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Must-see Toronto concerts this February will thaw your frozen heart, starting with a band saying goodbye and ending with another band’s long-awaited hello (very circle of life), plus charming indie, chart-topping hip hop and experimental wizardry in between.
Slowly moving beyond being known as the girl in that Gotye song (no, don’t try to remember it...aaand it’s stuck in your head again), the charismatic New Zealand electro-pop star is finally releasing her third full-length this April.
One of the most inventive options this month is the Music Gallery’s showcase of Indigenous artists exploring their traditional language and how it shapes the music they make. The roster ranges from young upstarts to seasoned Grammy Award-winners.
Lovers of everything drone and weird, mark down this rare chance to see the former member of Coil perform live - he’ll be exhibiting Time Machines, the hyper-experimental opus they released 20 years ago, in its entirety.
The reigning Polaris-Prize winner had a huge 2017, breaking barriers and receiving widespread acclaim, and it doesn’t look like 2018 will be any quieter. Her Toronto stopover has been expanded to two nights to keep up with demand.
Both Cali rappers made stellar albums last year and are set to take on new ventures in 2018 (animated TV show for Tyler, a Converse collab for Vince). But before they go full-mogul, they’re heading out on tour together.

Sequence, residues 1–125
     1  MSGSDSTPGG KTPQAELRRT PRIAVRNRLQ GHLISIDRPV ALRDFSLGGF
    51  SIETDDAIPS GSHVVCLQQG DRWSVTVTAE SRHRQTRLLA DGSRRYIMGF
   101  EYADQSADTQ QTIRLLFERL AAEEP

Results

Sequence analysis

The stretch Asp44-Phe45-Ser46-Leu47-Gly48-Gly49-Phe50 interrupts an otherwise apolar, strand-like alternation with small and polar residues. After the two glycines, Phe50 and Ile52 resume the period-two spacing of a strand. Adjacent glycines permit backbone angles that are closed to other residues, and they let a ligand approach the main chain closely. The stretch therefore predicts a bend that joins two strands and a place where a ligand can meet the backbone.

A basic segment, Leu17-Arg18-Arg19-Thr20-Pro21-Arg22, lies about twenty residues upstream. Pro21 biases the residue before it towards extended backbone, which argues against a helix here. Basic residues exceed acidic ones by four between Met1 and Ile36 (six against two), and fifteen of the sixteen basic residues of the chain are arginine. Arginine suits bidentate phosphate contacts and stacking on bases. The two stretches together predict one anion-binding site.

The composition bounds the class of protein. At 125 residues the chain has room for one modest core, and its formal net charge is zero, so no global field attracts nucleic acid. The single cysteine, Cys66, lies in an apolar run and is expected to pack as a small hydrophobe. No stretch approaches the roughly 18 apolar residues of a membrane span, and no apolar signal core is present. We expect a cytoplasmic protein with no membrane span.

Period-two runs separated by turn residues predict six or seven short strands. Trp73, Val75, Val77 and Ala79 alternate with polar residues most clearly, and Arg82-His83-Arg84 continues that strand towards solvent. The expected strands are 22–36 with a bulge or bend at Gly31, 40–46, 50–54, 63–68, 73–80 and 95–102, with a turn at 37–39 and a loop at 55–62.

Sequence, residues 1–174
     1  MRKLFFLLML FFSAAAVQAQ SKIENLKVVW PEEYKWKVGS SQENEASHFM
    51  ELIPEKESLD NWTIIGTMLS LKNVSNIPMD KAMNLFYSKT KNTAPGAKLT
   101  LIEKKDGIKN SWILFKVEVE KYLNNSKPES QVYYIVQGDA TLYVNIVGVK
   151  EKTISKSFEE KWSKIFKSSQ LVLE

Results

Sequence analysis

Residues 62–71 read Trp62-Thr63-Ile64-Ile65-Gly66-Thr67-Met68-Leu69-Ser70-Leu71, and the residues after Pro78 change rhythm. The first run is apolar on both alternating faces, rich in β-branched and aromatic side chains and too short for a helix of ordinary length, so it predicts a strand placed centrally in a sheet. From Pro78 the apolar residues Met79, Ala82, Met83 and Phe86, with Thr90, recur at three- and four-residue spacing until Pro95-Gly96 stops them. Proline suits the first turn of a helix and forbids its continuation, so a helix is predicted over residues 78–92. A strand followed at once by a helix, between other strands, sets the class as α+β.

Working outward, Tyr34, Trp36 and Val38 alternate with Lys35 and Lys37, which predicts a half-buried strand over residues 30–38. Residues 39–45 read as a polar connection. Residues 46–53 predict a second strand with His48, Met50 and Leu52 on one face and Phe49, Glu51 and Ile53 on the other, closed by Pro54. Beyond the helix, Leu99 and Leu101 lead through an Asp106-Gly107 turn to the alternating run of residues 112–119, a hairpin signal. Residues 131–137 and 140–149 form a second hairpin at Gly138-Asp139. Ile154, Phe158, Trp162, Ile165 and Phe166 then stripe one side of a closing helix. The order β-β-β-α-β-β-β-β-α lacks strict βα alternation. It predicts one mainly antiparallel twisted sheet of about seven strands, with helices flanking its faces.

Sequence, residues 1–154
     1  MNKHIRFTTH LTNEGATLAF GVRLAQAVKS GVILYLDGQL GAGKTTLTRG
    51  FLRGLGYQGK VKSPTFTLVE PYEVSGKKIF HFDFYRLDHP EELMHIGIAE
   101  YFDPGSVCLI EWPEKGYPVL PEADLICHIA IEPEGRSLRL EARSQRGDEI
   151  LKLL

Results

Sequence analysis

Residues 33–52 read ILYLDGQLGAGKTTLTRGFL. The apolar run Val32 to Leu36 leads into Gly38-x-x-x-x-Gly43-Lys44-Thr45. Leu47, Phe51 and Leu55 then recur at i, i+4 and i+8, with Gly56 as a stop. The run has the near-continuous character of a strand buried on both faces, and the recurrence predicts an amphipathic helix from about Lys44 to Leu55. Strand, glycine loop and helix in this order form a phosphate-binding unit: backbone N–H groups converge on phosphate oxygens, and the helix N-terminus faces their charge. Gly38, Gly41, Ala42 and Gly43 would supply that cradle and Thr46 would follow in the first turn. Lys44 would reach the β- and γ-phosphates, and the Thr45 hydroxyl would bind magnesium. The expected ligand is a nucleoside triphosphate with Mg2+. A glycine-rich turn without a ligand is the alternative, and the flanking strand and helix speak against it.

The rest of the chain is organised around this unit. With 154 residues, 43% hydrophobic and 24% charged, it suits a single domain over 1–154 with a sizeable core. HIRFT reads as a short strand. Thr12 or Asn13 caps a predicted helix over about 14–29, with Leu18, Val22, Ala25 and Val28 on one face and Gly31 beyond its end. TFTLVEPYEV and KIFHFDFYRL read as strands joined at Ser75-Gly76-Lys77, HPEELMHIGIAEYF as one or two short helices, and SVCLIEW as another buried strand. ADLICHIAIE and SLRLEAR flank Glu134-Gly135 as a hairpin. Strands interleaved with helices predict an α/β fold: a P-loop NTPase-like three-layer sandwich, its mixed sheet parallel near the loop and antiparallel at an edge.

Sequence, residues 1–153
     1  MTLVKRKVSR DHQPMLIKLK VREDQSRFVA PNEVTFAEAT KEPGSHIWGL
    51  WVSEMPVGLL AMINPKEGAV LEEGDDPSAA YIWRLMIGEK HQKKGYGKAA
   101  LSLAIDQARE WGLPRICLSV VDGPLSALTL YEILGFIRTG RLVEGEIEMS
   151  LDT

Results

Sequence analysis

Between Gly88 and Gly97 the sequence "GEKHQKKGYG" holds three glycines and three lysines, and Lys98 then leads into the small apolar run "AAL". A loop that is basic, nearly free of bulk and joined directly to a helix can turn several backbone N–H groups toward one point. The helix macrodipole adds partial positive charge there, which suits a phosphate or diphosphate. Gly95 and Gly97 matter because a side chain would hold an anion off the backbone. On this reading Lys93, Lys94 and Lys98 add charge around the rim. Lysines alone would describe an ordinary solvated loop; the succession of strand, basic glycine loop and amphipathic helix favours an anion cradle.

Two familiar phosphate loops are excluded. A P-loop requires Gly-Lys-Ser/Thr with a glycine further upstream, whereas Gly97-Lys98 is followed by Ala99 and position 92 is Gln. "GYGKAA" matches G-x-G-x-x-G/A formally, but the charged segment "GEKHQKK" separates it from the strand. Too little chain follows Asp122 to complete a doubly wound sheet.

The Midnight Organ Fight was the breakthrough release for this Scottish indie band, and still regarded as one of the essential breakup albums of this century. They’re celebrating its 10th anniversary by performing it in full on a tour with Wintersleep
The potato of his brother’s eye, Noel’s current band is doing quite well for themselves with the psychedelically tinged Who Built the Moon? from last fall. Unclear whether they’ll have the scissors player on tour though.
It’s that very loud time again: Decibel’s annual homage to current leaders in metal is making the rounds, stopping off at the Phoenix with four powerhouses: Enslaved, Wolves in the Throne Room, Myrkur and Khemmis.
This hardcore foursome broke up in 2004 and has toyed with being a band again over the past few years, playing the odd reunion gig. Now it’s the real deal - see them right after their new self-titled comes out with No Warning and Spiritual Cramp.